Monday, March 22, 2010

The Trapeze Swinger by Iron and Wine

If you ever write a 9 minute song you would hope it would be a good one. There are only a few 9 minute plus songs in my song collection but "The Trapeze Swinger" by Iron and Wine is one that stands out. If you have any familiarity with it you may remember it from the end credit sequence in the moderately memorable movie "In Good Company."

Hypnotically repetitive, I would occasionally put this song on repeat to fall asleep to when I lived alone during my palliative medicine fellowship (and my wife had to be in another city for her fellowship.) At first I took the 'please, remember me' line to be more about my long-distance relationship with my wife, but as I continued to listen to it falling asleep after long days of being surrounded by dying people at the hospice house the meaning clearly evolved.

Since the song is so long go ahead and start listening to it as you read the rest of this post.


Iron and Wine is really a one man band led by Samuel Bean. The simple strong structure repeats through the song with little accents placed on each verse by different instruments or Bean's voice. The back and forth nature of the song structure reminds me of being at the beach watching the waves come crashing in and then slowly recede.

The intro begins with soft wind chimes and what sounds like sea shells or a rain stick followed by the basic guitar melody and a chorus of 'oohhh-ohhhhhs.' As the song advances we hear a ton of different instruments: slide guitar, bass guitar, wood blocks, tom toms, percussive metal, an organ played in reverse, tympani drums, upright bass (around 4:53 - my favorite part!), a song played in reverse, piano, and finally a toy whistle. All of these instruments begin to layer into an increasingly complex sound. I can't imagine being the sound mixer on this song!

The lyrics obviously focus on a theme of rememberence and like the instrumentation the repetitive nature allows for different takes on the same theme. here are the first lines of all the verses laid together.

Please, remember me happily
But please, remember me fondly
And please, remember me that Halloween
So please, remember me mistakenly
And please, remember me as in the dream
But please, remember me, my misery
And please, remember me seldomly
So please, remember me finally
The perspective of the dying person wanting to instruct those still alive on how to keep the memory (and the legacy) alive is commonly seen in hospice and palliative care. How we as friends, family or staff enhance or suppress this legacy building is not often talked about as openly as this song manages. How would caring for a person who is dying be different if we spent some time with them asking how they would like to be remembered?

There are many religious references in the song, but each of them comes with a little bit of the singer's reality. Imagining the heaven with obscene graffiti, or rushed angels who want to get all the new souls through the door place an potentially unknowable realm in earthly terms.

Overall, Bean gives us a bit of poetry mixed with american folk and indie pop that allows you to discover a little something new with each listen. Please share any lines in this song stand out the most to you.

Lyrics by Iron and Wine (aka Samuel Bean) 2004

Please, remember me happily
By the rosebush laughing
With bruises on my chin, the time when
We counted every black car passing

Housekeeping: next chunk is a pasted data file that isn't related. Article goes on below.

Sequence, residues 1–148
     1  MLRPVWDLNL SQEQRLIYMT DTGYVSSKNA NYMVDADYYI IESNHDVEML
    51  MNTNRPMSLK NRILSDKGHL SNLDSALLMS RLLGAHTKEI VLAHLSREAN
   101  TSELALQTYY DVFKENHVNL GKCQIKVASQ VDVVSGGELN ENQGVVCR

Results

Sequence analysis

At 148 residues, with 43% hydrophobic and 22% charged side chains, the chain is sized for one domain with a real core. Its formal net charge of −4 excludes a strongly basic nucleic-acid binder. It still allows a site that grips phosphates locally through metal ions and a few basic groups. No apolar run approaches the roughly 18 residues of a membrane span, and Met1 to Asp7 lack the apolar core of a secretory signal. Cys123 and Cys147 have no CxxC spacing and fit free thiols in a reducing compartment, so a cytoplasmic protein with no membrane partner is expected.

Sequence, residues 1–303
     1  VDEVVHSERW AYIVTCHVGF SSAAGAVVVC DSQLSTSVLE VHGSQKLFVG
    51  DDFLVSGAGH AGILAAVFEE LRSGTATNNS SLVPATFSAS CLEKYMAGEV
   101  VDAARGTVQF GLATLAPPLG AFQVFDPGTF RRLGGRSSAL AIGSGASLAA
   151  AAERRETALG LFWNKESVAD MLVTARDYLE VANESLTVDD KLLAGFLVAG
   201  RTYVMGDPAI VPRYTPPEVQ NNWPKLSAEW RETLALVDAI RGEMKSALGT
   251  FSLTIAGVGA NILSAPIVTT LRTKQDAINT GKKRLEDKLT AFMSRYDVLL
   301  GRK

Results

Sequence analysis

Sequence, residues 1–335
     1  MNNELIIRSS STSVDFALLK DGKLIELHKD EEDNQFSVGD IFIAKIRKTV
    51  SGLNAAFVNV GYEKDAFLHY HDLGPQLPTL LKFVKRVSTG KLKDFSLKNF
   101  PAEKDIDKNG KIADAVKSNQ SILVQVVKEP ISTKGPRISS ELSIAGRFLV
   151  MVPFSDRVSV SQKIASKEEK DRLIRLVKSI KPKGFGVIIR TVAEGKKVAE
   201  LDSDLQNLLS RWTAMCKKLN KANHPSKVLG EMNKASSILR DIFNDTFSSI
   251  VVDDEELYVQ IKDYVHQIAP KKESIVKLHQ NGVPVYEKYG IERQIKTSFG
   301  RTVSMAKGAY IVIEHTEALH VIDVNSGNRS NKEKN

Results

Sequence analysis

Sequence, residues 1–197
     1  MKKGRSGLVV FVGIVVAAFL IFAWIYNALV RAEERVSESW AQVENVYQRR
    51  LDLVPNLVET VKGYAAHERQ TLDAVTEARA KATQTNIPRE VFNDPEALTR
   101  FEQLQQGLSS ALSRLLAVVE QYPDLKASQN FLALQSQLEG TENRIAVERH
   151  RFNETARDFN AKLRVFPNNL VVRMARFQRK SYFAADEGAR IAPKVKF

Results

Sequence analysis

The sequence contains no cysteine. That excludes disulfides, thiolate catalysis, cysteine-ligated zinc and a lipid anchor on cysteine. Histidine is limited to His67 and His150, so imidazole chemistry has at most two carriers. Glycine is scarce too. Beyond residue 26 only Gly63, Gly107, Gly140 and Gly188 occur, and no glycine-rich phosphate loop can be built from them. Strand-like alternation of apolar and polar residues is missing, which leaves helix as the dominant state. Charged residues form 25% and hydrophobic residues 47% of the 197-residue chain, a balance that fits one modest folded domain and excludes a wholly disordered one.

Your house beneath the hill
And up until someone caught us in the kitchen
With maps, a mountain range, a piggy bank
A vision too removed to mention

But please, remember me fondly
I heard from someone you're still pretty
And then they went on to say
That the pearly gates
Had some eloquent graffiti
Like "We'll meet again" and "Fuck the man"
And "Tell my mother not to worry"
And angels with their great handshakes
Were always done in such a hurry

And please, remember me that Halloween
Making fools of all the neighbors
Our faces painted white
By midnight, we'd forgotten one another
And when the morning came I was ashamed
Only now it seems so silly
That season left the world and then returned
And now you're lit up by the city

So please, remember me mistakenly
In the window of the tallest tower
Calling passers-by but much too high
To see the empty road at happy hour
Gleam and resonate, just like the gates
Around the holy kingdom
With words like "Lost and found" and "Don't look down"
And "Someone save temptation"

And please, remember me as in the dream
We had as rug-burned babies
Among the fallen trees and fast asleep
Aside the lions and the ladies
That called you what you like and even might
Give a gift for your behavior
A fleeting chance to see a trapeze
Swinger high as any savior

But please, remember me, my misery
And how it lost me all I wanted
Those dogs that love the rain and chasing trains
The colored birds above their running
In circles around the well and where it spells
On the wall behind St. Peter
So bright, on cinder gray, in spray paint
"Who the hell can see forever?"

And please, remember me seldomly
In the car behind the carnival
My hand between your knees, you turned from me
And said, "The trapeze act was wonderful
But never meant to last", the clown that passed
Saw me just come up with anger
When it filled with circus dogs, the parking lot
Had an element of danger

So please, remember me finally
And all my uphill clawing
My dear, but if I make the pearly gates
I'll do my best to make a drawing
Of God and Lucifer, a boy and girl
An angel kissing on a sinner
A monkey and a man, a marching band
All around a frightened trapeze swinger

12 Responses to “The Trapeze Swinger by Iron and Wine”

Earl Q said...
March 23, 2010 at 8:18 PM

Listened to the song last night and it triggered many thoughts and ideas.

I'm always looking for different ways to teach during IDT - white board and pens (my favorite), video clips, role plays, and *guest" team members. Today I tried music.

It came up like this...

We were going through mundane plan of care stuff. I was trying to get the nurses to say something besides, "symptoms managed, monitoring safety, no changes..etc...".

Thankfully "what do patients really want" topic came up. The first thing that was mentioned was "to live", then things such as: denial, closure, control, comfort etc...

Last night when listening to The Trapeze Swinger, I thought about my friend who is dying...he talked about what he read on tombstones.

When I asked the team what is written on tombstones, up came "beloved wife", "loved", "remembered"

*CUE IN COOL INDIE MUSIC AT THIS TIME*